Tuesday, 5 October 2010
There was not really much new in last night’s Four Corners on the independents’ dealings after the election. Especially not on revealing the major parties’ manoeuvring behind closed doors to win their votes in contrast to the more public way they had to get our votes. But it did at least confirm what was already reasonably evident at the time.
The program’s narrative spun it out as though a decision was being made over the course of the two weeks, but it probably wasn’t. Right at the beginning it was clear what the key determinant was for their decision, the one thing that united them all – the quest for stability. Naturally, if it was really about stability they could have forced another election where the odds would have been that the finely split balance of the current Parliament would not have been repeated, and one party or the other would have gained a clear, stable, majority.
No, what the independents mean, of course, is the stability of the current situation where they had maximum power and, as Tony Windsor said to Four Corners last night, that meant backing Labor who were most afraid of going to the polls anytime soon. The rest was really just political positioning to justify their eventual choice and it was presumably why Four Corners cameras were let in. Not out of transparency, we didn’t get too much of that, but a political presentation of what was basically some pretty ordinary horse-trading but with exceptionally weak major parties.
So we had Windsor and Oakeshott seen in meetings with Stern and Garnaut over climate change, unlikely to have been deciders given that both were already strong supporters of the climate change agenda – a fact often forgotten by those who prefer to see climate change purely in terms of left and right.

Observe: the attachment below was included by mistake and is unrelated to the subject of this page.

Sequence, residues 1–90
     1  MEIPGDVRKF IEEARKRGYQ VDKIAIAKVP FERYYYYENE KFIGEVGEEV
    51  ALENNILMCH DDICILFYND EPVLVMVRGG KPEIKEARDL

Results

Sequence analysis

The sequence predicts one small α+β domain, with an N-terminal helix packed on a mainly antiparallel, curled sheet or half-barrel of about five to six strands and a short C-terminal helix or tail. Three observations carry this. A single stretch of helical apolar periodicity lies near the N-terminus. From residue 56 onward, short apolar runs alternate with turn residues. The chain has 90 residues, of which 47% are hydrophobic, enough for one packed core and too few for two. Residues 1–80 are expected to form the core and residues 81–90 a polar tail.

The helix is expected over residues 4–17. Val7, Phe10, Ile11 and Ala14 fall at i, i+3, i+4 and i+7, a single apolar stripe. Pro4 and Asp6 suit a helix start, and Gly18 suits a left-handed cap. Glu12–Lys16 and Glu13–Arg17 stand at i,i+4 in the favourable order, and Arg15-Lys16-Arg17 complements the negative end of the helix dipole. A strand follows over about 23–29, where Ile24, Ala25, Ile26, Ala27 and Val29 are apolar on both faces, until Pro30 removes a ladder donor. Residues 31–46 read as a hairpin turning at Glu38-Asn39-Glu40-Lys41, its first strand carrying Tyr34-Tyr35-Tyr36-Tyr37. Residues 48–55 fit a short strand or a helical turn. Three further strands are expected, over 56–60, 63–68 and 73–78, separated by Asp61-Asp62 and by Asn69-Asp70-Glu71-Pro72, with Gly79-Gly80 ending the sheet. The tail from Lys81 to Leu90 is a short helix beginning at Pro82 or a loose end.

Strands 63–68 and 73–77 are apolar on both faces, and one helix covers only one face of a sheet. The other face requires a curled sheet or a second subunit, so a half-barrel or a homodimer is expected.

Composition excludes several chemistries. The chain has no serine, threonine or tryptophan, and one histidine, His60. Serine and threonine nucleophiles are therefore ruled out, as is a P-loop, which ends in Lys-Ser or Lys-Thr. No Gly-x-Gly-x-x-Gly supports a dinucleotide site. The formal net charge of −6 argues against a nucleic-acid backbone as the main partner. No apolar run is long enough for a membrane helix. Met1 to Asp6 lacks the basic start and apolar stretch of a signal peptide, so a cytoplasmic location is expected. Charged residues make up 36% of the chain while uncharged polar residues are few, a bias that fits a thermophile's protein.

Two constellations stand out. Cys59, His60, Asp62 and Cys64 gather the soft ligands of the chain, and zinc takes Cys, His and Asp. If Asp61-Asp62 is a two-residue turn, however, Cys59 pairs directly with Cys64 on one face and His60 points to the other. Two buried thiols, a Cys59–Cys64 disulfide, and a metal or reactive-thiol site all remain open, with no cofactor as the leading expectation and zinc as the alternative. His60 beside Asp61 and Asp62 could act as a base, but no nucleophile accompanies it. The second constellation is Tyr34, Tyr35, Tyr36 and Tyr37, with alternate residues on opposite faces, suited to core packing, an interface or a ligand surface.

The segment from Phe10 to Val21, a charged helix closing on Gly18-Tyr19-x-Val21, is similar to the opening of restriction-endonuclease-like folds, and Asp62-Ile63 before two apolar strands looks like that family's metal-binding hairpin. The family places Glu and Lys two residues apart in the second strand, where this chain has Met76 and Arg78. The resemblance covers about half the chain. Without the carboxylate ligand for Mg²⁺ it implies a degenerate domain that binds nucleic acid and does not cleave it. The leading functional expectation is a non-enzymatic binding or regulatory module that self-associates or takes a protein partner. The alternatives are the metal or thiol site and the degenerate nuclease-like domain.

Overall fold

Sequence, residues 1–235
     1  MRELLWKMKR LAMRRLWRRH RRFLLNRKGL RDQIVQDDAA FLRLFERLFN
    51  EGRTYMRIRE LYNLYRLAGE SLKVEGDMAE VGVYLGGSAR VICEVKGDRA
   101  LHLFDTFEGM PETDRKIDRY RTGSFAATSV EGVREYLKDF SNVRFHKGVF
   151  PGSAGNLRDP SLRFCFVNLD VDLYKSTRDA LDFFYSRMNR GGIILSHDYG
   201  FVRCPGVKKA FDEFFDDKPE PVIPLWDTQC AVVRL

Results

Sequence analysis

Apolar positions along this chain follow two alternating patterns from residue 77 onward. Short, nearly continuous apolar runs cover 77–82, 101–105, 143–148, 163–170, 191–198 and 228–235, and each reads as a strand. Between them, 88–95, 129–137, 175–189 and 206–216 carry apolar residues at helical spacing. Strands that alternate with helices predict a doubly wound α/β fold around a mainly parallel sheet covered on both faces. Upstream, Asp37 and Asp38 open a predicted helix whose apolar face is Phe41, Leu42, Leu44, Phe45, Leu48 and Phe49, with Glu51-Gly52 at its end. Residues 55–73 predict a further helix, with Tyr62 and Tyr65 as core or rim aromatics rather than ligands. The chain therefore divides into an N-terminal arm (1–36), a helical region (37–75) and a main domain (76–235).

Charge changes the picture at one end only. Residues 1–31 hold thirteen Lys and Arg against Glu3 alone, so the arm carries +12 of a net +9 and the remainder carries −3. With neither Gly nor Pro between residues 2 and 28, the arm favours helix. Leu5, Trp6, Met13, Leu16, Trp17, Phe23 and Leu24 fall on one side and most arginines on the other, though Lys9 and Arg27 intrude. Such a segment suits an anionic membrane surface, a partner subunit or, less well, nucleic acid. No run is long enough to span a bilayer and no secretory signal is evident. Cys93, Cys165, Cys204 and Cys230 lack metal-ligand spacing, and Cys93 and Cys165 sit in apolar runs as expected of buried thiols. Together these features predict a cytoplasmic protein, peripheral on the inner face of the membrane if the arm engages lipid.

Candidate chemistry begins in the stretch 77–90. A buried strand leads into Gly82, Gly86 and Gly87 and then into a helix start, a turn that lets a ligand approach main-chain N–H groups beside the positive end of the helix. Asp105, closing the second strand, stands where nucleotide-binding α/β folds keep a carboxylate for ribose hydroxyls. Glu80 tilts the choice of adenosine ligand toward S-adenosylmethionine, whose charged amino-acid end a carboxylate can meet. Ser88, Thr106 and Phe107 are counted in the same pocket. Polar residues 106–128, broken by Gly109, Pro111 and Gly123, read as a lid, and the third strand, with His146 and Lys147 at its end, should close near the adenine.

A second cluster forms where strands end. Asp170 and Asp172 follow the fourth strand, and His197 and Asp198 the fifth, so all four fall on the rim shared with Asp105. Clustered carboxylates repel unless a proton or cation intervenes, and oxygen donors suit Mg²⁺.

But neither, it seemed was even regional funding. Probably the most revealing, and new, bit of information from the program was that Abbott made a major financial pitch to the independents on regional funding that outstripped Labor’s offer. Not surprising given that the Coalition is hardly averse to rural pork-barrelling for political purposes. What was surprising, though, was the independents unhappiness about it. Both Oakeshott and Windsor made it clear that rather than being pleased at what their ‘negotiations’ had produced, they seemed to more regard it as making it harder to justify the decision they had already made. But, of course, it made no difference and fortunately, neither they, nor Labor, nor the Coalition, have had any real interest in publicising Abbott’s largesse, so it has slipped under the radar.
What was also interesting was to see the context of Katter’s decision-making process. It was only after Wilkie finally confirmed his endorsement for Labor, that Katter knew it was safe to side with the Coalition by coming out with his twenty ‘demands’ without threatening what they all wanted throughout; a Labor government by the narrowest of margins and the best way to keep both parties exactly where they wanted them.
Posted by The Piping Shrike on Tuesday, 5 October 2010.Filed under Tactics